Sales of F-16s to Turkey and F-35s to Greece after NATO enlargement

F-16 fighter jet

The United States approves the sale of F-16 aircraft to Turkey and F-35s to Greece, strengthening NATO after Sweden’s accession.

NATO’s military reinforcement: the stakes of F-16 and F-35 sales

The Biden administration recently approved the sale of F-16 fighters to Turkey and F-35s to Greece, marking a strategic turning point in NATO’s expansion, particularly since Russia’s invasion of Ukraine. The decision comes after Turkey ratified Sweden’s membership of NATO, a condition it had set for accepting the sale of the new aircraft.

F-16 fifghter jet

The sale to Turkey includes 40 new F-16s and equipment to modernize its existing fleet of 79 F-16s. Greece, meanwhile, will acquire 40 F-35 Lightning II Joint Strike Fighters and associated equipment, in a deal valued at $8.6 billion.

Turkey, a NATO ally, had long sought to modernize its F-16 fleet. The Biden administration supported the sale, but several legislators voiced objections linked to human rights concerns. These objections were overcome, paving the way for approval of the sale.

Turkey’s delay in approving Sweden’s membership of NATO, due in part to its national security concerns, notably its fight against Kurdish militants, had frustrated the USA and other NATO allies. With Sweden’s formal NATO membership now dependent on the approval of Hungary, the last NATO ally yet to ratify its membership, this development is seen as an important step in strengthening the alliance.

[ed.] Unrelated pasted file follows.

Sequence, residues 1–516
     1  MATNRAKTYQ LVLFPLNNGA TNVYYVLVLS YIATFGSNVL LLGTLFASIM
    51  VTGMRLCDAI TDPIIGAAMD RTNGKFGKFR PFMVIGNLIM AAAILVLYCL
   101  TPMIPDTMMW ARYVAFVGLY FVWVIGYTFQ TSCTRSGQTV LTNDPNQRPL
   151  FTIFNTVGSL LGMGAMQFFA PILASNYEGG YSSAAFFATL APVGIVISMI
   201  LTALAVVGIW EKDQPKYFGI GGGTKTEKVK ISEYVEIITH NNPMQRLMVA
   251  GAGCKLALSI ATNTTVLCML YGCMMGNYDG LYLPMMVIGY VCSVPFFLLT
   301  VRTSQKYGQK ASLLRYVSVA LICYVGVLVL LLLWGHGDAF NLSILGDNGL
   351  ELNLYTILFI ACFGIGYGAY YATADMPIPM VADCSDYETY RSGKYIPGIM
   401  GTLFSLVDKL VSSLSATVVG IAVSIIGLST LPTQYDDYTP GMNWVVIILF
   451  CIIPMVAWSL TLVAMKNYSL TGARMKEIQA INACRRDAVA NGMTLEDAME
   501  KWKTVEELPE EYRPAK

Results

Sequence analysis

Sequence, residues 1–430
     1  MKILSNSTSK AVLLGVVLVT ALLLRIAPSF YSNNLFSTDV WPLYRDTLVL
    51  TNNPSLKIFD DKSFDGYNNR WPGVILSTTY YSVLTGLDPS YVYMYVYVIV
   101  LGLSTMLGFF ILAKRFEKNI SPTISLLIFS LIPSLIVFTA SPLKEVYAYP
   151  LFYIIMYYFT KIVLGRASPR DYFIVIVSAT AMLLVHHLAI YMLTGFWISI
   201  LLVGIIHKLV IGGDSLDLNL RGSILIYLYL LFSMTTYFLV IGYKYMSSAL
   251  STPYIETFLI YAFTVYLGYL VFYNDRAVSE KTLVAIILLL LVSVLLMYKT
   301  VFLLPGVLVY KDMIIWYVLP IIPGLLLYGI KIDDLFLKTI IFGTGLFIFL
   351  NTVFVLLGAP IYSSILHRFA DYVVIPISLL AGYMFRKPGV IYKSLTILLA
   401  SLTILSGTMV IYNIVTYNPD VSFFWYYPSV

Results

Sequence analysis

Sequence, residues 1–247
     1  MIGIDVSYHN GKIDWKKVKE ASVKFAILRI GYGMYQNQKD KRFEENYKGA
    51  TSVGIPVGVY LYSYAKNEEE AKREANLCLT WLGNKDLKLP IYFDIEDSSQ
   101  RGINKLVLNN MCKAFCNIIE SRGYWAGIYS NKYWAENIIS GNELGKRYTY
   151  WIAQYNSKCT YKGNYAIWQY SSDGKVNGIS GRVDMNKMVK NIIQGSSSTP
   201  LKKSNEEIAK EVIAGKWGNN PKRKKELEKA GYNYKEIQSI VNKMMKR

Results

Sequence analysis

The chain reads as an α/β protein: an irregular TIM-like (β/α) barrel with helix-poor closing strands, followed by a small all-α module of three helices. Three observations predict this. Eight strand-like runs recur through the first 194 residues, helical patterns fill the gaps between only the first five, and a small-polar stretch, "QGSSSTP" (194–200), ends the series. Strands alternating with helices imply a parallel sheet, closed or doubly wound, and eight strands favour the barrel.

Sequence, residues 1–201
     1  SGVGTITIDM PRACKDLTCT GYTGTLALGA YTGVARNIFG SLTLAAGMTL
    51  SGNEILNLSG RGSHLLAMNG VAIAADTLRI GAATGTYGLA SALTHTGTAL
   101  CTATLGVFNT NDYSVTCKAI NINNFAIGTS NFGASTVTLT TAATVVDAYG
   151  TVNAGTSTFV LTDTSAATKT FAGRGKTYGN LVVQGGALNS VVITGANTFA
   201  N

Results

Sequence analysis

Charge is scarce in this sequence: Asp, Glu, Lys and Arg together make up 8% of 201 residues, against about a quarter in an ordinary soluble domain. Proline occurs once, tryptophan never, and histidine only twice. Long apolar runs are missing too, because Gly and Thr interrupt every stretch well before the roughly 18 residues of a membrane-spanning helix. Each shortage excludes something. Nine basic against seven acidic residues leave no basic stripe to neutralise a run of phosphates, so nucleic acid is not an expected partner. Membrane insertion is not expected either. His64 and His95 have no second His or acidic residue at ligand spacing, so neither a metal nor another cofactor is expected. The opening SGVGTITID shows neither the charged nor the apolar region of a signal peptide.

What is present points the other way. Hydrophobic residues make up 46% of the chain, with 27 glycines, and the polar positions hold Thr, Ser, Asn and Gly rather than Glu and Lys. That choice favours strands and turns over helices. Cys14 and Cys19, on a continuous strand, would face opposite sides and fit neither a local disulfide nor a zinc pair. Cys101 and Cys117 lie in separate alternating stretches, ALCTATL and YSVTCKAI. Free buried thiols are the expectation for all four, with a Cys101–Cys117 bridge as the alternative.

Geopolitical and security consequences of arms sales

U.S. approval of F-16 sales to Turkey and F-35 sales to Greece has significant implications for the security balance in the region and beyond. On the one hand, it strengthens the military capabilities of two key NATO members, enabling them to better respond to regional threats, notably Russian aggression. Modernizing these countries’ air fleets contributes to NATO’s overall objective of maintaining a technological edge against potential adversaries.

On the other hand, these sales may be seen as an escalation in the arms race and a potential source of regional tension, particularly between Greece and Turkey, which have a history of territorial disputes and tensions. Increasing the military capabilities of these two countries could exacerbate these tensions, although NATO membership is expected to play a moderating role.

the future of fighter jets

Moreover, Turkey’s decision to condition its approval of Sweden’s NATO membership on the F-16 agreement raises questions about the use of diplomacy and arms deals as a means of political pressure. This dynamic could have implications for NATO’s future cohesion and the way decisions are taken within the alliance.

Arms sales to these countries must also be seen in the wider context of US foreign policy and the US relationship with Turkey and Greece. While Turkey has a complicated relationship with the US and other NATO members, not least because of its internal politics and actions in Syria, the F-16 sale could be seen as an attempt to strengthen ties and maintain US influence in the region.

U.S. approval of F-16 sales to Turkey and F-35 sales to Greece marks a strategic strengthening of NATO, but also raises questions about the balance of regional security and arms diplomacy.

War Wings Daily is an independant magazine.